Additionally, with an emphasis on increasing tax revenues to shrink the budget deficit, the government under Modi has progressively increased its obligations for filing and reporting. This compels businesses to allocate more resources and finances on consulting services, accounting, and frequently, on bribes for regulatory inspectors, diverting attention away from business growth.
This approach is detrimental to entrepreneurial spirit, as it deters small businesses and novice entrepreneurs, thereby exacerbating the unemployment issue in India.
Regarding improving business operations, India could take cues from nations like Estonia. In Estonia, the processes for initiating and closing a business are straightforward, and the tax regulations are clear-cut. The nation’s uniform income tax rate of 20% for both individuals and corporations eases the tax calculation process and offers businesses a sense of financial stability as informed by Nikkei Asia media house
The tax reductions implemented by the Modi administration have been particularly aimed at corporations, which constitute only 10% of businesses in India. This leaves out limited liability partnerships, other partnership forms, and sole proprietorships entirely.
However, the issue of unemployment in India cannot be resolved solely by large corporations. Small businesses are a significant employment source, accounting for approximately 40% of the non-agricultural workforce in the country, which is about four times the employment provided by larger corporate entities.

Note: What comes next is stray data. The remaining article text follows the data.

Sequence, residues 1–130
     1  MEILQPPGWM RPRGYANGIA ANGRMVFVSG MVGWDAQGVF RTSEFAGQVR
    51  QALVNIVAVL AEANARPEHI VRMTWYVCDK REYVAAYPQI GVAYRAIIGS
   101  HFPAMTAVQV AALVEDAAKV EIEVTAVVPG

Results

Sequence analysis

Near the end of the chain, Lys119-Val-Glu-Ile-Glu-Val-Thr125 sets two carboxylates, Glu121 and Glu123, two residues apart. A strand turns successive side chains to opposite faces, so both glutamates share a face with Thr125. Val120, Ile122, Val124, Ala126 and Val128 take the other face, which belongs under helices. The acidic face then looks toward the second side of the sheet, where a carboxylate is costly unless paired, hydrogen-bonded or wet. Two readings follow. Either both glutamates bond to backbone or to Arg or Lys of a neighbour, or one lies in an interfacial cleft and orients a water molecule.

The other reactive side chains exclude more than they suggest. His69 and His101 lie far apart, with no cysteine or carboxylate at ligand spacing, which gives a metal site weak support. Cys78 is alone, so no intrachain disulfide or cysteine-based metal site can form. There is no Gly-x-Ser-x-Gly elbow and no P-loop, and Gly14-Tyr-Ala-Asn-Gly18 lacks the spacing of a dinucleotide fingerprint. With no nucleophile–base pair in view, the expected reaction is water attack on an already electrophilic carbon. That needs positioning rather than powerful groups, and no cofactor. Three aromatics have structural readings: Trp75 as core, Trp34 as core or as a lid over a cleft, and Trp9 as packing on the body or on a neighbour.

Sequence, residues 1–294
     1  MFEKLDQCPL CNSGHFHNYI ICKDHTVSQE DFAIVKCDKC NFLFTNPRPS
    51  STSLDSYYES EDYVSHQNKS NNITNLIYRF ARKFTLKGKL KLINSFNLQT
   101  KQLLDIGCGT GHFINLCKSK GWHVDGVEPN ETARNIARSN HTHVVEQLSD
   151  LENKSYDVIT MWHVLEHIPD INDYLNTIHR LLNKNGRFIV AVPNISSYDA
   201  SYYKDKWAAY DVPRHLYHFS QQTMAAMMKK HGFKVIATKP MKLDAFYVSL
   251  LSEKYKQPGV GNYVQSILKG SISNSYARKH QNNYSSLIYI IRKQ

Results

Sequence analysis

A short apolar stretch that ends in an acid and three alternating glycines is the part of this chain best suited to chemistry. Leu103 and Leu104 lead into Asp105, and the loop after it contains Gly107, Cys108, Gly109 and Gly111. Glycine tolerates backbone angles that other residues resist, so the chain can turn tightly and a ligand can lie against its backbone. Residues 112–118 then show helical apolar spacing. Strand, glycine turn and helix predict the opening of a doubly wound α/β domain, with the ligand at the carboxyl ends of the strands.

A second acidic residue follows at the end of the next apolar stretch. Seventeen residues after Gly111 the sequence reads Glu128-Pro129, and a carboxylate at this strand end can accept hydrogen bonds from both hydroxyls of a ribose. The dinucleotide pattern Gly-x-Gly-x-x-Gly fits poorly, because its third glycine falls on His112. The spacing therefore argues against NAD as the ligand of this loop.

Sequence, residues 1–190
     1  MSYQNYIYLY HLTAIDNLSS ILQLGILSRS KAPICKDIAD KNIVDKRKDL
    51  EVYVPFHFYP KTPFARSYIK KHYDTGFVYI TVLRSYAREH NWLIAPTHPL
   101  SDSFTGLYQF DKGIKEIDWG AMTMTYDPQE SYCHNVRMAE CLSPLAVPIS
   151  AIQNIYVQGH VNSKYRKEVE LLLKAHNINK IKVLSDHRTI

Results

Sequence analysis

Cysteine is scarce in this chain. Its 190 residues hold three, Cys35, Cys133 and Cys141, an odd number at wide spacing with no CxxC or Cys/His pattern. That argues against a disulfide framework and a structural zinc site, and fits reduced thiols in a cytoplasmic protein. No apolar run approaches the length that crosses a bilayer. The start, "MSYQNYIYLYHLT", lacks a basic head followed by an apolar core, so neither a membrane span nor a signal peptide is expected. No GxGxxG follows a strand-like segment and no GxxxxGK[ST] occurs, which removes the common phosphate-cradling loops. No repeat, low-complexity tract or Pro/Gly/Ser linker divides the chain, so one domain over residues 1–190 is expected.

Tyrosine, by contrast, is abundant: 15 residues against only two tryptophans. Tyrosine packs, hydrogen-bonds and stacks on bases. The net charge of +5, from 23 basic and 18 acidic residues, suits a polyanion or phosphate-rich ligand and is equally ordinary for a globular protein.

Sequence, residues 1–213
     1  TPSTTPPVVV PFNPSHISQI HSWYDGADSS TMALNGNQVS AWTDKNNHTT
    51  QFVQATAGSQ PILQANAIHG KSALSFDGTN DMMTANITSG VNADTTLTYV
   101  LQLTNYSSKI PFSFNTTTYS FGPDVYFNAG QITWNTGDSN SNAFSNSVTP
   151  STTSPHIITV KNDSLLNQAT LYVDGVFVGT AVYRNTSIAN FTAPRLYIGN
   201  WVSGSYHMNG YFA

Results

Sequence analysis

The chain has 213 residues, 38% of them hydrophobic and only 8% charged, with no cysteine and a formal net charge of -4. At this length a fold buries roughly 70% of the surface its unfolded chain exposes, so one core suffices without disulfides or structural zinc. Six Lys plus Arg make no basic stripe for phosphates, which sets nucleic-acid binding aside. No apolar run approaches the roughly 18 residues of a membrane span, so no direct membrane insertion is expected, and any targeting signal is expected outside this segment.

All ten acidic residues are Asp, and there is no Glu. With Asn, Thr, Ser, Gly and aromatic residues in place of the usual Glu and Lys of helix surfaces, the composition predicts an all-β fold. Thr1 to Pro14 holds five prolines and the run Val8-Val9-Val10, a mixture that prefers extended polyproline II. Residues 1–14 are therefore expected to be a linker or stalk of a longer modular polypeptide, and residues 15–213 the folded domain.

The government frequently expresses its desire to foster entrepreneurship and job creation, which is a commendable goal. However, the reality of escalating compliance demands poses significant challenges for new entrepreneurs and small businesses.

In a market-driven economy, job creation is primarily the responsibility of businesses. To support this, the Indian government needs to reduce compliance obligations and effectively dismantle the pervasive culture of regulatory oversight, not just in theory but in practice as well. This is crucial if the Modi administration is genuinely committed to stimulating the dynamic forces of the Indian economy and generating employment opportunities for the millions of young people entering the job market.

(The author Girish Linganna of this article is a Defence, Aerospace & Political Analyst based in Bengaluru. He is also Director of ADD Engineering Components, India, Pvt. Ltd, a subsidiary of ADD Engineering GmbH, Germany. You can reach out to him at: [email protected])

(Views expressed in the article are of author’s own and do not reflect the editorial stance of Business Upturn)